Tips with Trish

Dear Trish,

I went to the Music and The Mind presentation last week, and besides hearing about music being good for the mind and the soul, I heard something else that got me thinking. One of the panelists talked about the need for silence in our lives and the lack of it in this day and age. I like having sound on all of the time, whether it be with my earplugs in listening to my Spotify, or the TV as background noise when I sleep. What’s the big deal about not liking the quiet?

Signed,

Need the Noise

 

Trish says,

We live in a loud world full of distractions, and although conversation and music are good for development and stress reduction, I would agree the lack of silence in our lives can have a negative impact on our health.

Technological devices make is nearly impossible to be completely checked out and alone with our thoughts. In addition to the record number of YouTube hits or streaming of music on mobile devices, “Psychology Today” reported smartphone users are checking their devices about every six minutes. This works out to be around 150 times in a 24 hour day, minutes that years ago were likely filled with silence. And when I say 24 hours a day, I mean it. People frequently sleep with or near their mobile devices, and are accustomed to checking them when they light up or vibrate throughout the night. Not only does this disrupt their much needed sleep schedule, it messes with the one time during the full day meant for solitude. Essentially, silence and solitude are becoming an endangered species these days.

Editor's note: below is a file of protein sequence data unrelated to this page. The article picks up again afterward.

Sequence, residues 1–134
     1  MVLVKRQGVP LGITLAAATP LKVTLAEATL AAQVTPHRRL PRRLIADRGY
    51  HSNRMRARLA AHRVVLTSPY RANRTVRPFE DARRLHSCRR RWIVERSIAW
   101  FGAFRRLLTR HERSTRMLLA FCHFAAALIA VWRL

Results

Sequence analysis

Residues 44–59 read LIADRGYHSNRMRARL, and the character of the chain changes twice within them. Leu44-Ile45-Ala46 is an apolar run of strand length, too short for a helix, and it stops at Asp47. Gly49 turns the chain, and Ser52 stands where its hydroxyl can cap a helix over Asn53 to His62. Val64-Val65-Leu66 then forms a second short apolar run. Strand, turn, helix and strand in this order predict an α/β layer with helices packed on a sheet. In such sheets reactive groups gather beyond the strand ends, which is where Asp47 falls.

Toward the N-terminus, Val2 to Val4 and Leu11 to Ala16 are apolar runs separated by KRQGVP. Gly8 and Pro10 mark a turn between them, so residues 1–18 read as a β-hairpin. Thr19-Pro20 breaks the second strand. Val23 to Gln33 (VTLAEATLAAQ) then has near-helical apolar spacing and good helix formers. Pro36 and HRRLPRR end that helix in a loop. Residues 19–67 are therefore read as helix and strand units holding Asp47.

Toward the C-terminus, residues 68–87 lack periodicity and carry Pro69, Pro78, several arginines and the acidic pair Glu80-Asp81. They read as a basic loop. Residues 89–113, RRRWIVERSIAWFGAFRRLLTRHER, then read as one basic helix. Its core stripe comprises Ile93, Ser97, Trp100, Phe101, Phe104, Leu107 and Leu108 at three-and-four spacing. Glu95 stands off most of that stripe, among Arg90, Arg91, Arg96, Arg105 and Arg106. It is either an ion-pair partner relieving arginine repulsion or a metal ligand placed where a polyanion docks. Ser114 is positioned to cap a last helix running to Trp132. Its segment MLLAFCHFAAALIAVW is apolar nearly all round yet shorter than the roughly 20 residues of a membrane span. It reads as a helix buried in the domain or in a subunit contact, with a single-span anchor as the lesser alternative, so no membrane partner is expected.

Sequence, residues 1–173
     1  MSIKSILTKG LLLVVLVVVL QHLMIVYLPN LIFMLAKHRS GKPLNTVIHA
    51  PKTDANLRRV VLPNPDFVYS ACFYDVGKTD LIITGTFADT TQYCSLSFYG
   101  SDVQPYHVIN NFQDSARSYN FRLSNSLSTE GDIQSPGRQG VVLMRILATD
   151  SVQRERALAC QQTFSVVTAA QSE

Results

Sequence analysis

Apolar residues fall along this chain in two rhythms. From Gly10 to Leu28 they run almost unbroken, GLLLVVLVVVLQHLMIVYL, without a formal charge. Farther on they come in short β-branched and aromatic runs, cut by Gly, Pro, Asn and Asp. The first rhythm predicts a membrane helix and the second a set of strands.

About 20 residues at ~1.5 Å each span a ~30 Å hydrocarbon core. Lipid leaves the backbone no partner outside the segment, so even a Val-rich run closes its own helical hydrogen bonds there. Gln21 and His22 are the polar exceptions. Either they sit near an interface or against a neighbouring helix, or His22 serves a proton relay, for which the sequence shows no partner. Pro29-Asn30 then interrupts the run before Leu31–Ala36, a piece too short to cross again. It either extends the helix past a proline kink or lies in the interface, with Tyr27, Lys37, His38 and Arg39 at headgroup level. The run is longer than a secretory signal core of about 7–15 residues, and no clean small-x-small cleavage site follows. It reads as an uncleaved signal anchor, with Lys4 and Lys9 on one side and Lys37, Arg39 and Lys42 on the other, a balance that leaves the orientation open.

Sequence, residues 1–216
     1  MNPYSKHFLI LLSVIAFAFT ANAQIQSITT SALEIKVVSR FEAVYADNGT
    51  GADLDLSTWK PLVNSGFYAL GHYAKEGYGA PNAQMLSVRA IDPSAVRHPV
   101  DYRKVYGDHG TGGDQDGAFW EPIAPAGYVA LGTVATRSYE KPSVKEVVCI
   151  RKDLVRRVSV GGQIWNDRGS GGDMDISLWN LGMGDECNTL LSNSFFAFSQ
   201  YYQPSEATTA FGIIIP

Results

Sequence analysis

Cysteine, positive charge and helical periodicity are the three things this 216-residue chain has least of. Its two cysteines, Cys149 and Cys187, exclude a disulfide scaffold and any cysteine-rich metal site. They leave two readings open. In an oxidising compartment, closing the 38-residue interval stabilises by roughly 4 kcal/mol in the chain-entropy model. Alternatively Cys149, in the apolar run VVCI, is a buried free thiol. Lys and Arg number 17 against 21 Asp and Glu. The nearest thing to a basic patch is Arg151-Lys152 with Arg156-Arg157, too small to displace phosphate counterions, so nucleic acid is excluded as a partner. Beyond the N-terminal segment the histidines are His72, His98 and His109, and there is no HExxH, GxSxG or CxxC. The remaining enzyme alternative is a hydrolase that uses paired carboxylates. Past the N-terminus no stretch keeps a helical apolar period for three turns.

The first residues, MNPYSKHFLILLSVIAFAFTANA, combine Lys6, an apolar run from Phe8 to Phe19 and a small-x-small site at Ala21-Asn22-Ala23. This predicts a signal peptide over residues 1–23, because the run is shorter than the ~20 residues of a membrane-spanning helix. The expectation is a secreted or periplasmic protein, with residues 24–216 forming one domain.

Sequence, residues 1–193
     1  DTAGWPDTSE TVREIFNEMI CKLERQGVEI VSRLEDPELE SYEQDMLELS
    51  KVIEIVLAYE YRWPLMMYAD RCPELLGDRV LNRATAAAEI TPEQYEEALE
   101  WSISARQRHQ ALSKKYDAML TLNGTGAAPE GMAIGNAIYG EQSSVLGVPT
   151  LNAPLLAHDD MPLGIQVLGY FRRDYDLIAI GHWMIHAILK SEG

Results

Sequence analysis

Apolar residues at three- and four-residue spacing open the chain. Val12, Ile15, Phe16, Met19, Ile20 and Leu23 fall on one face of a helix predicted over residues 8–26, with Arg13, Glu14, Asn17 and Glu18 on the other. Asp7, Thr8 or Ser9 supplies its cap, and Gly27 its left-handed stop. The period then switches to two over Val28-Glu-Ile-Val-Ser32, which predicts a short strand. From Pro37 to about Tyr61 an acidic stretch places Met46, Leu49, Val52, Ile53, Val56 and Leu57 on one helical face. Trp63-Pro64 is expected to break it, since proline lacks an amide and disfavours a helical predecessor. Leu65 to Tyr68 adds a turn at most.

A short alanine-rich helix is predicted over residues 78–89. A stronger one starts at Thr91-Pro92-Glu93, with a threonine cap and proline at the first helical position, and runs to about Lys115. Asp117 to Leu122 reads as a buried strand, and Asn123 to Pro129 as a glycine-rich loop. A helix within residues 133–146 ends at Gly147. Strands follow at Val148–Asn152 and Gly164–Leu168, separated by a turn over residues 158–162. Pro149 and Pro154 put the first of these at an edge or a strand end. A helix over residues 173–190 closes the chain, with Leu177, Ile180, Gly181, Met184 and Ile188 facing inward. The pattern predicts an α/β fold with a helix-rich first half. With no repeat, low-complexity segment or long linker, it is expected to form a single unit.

Let’s talk about the benefits of silence. First, silence relieves tension, just as too much noise can cause stress. Silence has the opposite effect by releasing tension in the brain and body. Our brains need time to restore themselves from the sensory input thrown at us from different directions throughout the day. We seem to be obsessed, at least in this country, with getting information or responding to things in hyper speed. Solitude allows for a break from the tyrant of productivity. Studies show that “the ceaseless attentional demands of modern life put a significant burden on the prefrontal cortex of the brain, which is involved in high-order thinking, decision-making and problem-solving” (Huffington Post). Silence gives the brain an opportunity to restore itself so that it can be more productive in the future. An article published in the journal “Brain Structure and Function” described a study on mice that showed silence can literally thicken gray matter in the brain and create new cells in the hippocampus (2013).

And if science is not enough to convince you, let’s look at how exploring silent spaces helps with human development and finding meaning in life. Self-reflection is linked to making meaning, and creating meaning is at the heart of what it means to be human. So many of us are stuck in the past or overly concerned about the future. Silence brings our awareness back to the present. It allows us to reflect on our experiences and to discover who we are as individuals. This introspection is a necessary part of growing and can thus help us be more fully present in relationships, a known key to happiness.
Take some time out of each day to be in the quiet. Practice mindfulness in the morning before heading to class. Take a walk outside without your earbuds in and listen to the wind blow through the trees before sitting down to do homework. Consider coming to the new meditation group meeting each week in the library at 1 p.m. for 20 minutes. Your brain will thank you for the much needed break.

Signed,

Trish

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